I am writing this article with a note to myself to read it next November. Have you noticed how preparing for Christmas can drive you away from what it’s all suppose to be about? It takes gargantuan effort to resist being pulled towards the myth of a perfect Christmas and all the work that involves. On a rational level I understand that it’s just a marketing ploy to get us to buy one more thing to plug the gap between reality and fantasy, but emotionally you feel like the Grinch if you opt out of any element. It’s not just that striving to deliver gastronomic delights, carefully curated gifts and outstanding entertainment in a showhouse standard setting leads to horrendous waste – just look in your bin before and after – it’s that all of this extra work often makes us more tired, less patient and too frequently less kind.
This week my family had the misfortune to experience unkindness from two separate individuals. Nothing life threatening, nothing illegal – just thoughtlessness and selfishness that will have a lasting impact on us . Of course we’ve had many lovely interacted with fabulous people this week too, which highlighted to me how, in a split second, we have the ability to affect a person’s day, week or life. Regardless of our resources or position, kindness to others is always within our gift to give.
This gift is fragile and it existence and potential can easily be crushed if we’re denied space to breath and time to reflect on the needs of those around us. In the rush to finish the DIY, clean the house, buy and trim the tree, write and post the cards, buy the gifts and groceries and tree and alcohol and turkey and ‘Christmas outfit’ and and …… it’s completely understandable how thoughtfulness slips down the list of priorities. Ironic giving that Christmas is meant to be a time for us to think of others.
But modern life eats up space and time and we have to reclaim it deliberately and purposely. The best advice i received on this score was to say ‘No’ more often. Now given my ‘cram as much in a possible’ disposition i find this mantra hard so I’ve tweak it and created an ‘either or’ strategy. It’s simple but very effective. I can either host dinner or i can buy very well-considered gifts, I can either look a million dollars on Christmas day or i can invest the time in creating a dinner to die for, I can either socialise at every opportunity or opt for a quiet restorative holiday, i can either clear my to-do list or I can make Christmas crafts, I can either relax and watch Christmas TV or finish my article on time!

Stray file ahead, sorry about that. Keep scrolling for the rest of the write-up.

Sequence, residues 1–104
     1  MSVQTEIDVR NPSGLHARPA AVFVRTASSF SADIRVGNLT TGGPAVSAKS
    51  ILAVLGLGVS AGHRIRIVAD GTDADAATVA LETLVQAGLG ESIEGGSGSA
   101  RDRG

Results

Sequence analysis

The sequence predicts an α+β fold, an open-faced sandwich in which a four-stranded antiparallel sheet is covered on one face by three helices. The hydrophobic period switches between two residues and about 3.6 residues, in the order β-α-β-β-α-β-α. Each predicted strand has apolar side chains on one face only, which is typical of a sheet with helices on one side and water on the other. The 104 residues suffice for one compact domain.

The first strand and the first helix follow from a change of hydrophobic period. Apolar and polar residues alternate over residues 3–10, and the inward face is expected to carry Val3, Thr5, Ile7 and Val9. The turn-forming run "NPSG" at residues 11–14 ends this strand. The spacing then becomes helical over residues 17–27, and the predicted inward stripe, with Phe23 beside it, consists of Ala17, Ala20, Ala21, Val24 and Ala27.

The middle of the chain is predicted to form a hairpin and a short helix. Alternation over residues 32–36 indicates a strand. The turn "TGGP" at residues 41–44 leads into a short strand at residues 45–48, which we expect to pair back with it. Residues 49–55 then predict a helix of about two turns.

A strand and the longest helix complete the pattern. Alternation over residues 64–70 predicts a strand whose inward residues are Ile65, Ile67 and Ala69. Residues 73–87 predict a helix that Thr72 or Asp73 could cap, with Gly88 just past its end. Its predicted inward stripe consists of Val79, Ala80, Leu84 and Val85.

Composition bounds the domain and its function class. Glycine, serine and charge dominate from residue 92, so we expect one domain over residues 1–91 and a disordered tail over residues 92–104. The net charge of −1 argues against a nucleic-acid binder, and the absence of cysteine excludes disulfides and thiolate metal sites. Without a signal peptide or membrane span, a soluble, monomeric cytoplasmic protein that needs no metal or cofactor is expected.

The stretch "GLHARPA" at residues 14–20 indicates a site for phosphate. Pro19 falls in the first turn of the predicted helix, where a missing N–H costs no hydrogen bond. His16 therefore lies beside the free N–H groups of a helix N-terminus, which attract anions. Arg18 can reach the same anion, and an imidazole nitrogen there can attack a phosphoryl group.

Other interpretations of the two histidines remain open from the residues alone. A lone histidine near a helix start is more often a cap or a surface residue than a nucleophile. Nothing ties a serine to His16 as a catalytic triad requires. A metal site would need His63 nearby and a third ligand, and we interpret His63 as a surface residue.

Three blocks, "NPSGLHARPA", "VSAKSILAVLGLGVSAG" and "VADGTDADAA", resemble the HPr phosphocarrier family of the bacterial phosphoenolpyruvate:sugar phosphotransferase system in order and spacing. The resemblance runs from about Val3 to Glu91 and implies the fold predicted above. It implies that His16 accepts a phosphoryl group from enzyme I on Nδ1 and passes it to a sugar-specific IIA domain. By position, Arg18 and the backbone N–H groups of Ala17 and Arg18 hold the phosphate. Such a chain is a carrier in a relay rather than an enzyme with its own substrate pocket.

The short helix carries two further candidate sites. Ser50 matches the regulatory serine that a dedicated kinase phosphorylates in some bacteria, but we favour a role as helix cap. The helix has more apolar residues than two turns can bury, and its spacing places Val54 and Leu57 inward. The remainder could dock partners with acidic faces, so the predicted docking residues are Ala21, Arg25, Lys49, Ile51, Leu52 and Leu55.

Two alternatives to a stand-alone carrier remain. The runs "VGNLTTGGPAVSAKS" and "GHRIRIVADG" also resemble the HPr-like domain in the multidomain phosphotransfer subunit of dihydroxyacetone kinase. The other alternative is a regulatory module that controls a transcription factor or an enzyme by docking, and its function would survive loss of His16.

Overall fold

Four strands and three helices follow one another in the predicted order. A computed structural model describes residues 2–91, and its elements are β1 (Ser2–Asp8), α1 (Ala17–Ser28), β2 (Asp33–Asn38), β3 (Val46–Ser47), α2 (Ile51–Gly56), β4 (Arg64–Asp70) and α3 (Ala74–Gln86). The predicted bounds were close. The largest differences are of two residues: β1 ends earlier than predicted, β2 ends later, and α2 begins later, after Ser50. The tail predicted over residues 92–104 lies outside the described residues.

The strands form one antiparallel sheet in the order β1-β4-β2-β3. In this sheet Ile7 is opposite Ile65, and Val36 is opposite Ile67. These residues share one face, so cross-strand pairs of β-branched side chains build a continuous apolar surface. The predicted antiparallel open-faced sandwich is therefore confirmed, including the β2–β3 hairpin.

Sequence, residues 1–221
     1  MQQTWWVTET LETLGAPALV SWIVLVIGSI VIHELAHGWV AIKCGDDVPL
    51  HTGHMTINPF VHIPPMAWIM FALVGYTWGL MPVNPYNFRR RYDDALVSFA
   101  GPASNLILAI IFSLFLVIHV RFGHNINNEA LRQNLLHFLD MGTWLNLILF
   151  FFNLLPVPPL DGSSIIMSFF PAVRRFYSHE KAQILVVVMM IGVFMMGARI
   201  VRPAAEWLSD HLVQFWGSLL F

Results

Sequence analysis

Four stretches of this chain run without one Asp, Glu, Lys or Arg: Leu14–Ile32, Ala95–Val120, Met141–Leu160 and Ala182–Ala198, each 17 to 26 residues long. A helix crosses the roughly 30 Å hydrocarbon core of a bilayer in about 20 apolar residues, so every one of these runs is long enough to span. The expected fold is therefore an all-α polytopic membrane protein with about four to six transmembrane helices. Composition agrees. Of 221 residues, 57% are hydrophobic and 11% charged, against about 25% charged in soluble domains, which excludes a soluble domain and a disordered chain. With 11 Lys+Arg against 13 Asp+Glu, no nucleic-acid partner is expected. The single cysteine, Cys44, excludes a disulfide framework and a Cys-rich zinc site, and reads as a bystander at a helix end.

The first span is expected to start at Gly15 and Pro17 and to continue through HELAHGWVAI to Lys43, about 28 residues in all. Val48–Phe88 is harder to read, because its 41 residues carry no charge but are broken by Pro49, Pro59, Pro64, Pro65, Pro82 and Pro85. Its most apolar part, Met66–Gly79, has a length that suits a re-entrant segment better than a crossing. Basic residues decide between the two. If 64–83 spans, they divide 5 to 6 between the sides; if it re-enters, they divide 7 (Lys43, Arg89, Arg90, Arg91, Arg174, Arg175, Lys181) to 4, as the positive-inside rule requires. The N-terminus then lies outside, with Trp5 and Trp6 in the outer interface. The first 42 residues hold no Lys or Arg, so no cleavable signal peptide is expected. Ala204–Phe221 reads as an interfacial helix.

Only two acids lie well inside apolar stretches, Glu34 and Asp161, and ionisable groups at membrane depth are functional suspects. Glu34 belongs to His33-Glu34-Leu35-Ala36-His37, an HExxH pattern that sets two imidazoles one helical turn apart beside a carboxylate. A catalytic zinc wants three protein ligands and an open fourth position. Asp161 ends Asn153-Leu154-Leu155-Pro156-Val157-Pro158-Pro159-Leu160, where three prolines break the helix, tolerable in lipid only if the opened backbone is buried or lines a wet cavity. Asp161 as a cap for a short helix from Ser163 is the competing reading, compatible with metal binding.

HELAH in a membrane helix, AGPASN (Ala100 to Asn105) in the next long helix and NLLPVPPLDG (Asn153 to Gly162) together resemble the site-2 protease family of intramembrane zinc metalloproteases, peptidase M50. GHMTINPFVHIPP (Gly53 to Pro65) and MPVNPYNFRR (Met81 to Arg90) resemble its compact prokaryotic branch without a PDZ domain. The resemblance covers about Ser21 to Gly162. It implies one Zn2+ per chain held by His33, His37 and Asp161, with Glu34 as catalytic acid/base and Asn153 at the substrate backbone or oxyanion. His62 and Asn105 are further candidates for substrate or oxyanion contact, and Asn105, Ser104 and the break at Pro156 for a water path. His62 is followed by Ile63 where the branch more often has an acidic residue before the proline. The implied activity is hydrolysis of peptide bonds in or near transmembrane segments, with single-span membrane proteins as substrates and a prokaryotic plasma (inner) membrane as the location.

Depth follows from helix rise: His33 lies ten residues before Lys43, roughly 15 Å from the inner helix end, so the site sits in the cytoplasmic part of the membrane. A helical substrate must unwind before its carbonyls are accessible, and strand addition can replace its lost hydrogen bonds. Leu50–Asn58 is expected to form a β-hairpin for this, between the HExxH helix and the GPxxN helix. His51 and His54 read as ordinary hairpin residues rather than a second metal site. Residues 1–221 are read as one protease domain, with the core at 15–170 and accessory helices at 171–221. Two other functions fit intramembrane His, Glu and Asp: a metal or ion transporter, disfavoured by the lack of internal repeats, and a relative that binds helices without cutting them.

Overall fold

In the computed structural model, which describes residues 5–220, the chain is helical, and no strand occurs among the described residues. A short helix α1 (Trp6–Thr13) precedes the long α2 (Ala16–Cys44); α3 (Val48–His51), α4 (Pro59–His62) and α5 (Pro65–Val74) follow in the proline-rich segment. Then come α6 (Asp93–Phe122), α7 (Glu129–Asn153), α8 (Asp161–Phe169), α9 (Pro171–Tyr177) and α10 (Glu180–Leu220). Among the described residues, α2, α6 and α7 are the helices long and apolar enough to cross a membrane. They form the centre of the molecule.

I lost the plot on Tuesday of this week and decided to tidy the garden for Christmas. My resulting tiredness had me grumping at anyone that would listen and I still ache. But I’ve copped myself on and my ‘either ors’ including hosting over gifts, dinner over dress, a quite holiday with a smattering of select events with people I really value, and the tardiness of this article will give you an inkling as to whether I picked the TV or my website last night.
So if it’s not too late, give yourself some breathing space. Strike a few to-do’s off the list. Give way to learner drivers and those that are driving for a living, check that friends and family aren’t alone this Christmas, take time out to say hello to neighbours and give yourself the breathing space to spread kindness this holiday season.
Wishing you and yours the chance to have an imperfect but fulfilling Christmas this year.
PS – For other Christmas ideas search ‘christmas’ at the bottom of this webpage and don’t forget to like my new Living Lightly in Ireland Facebook Page or follow me on Instagram
4 thoughts on “A Lasting Christmas Gift”
Beautiful post Elaine.
That was spot on. So easy to forget the meaning of Christmas. Happy Christmas to you and your family
And to you too Niamh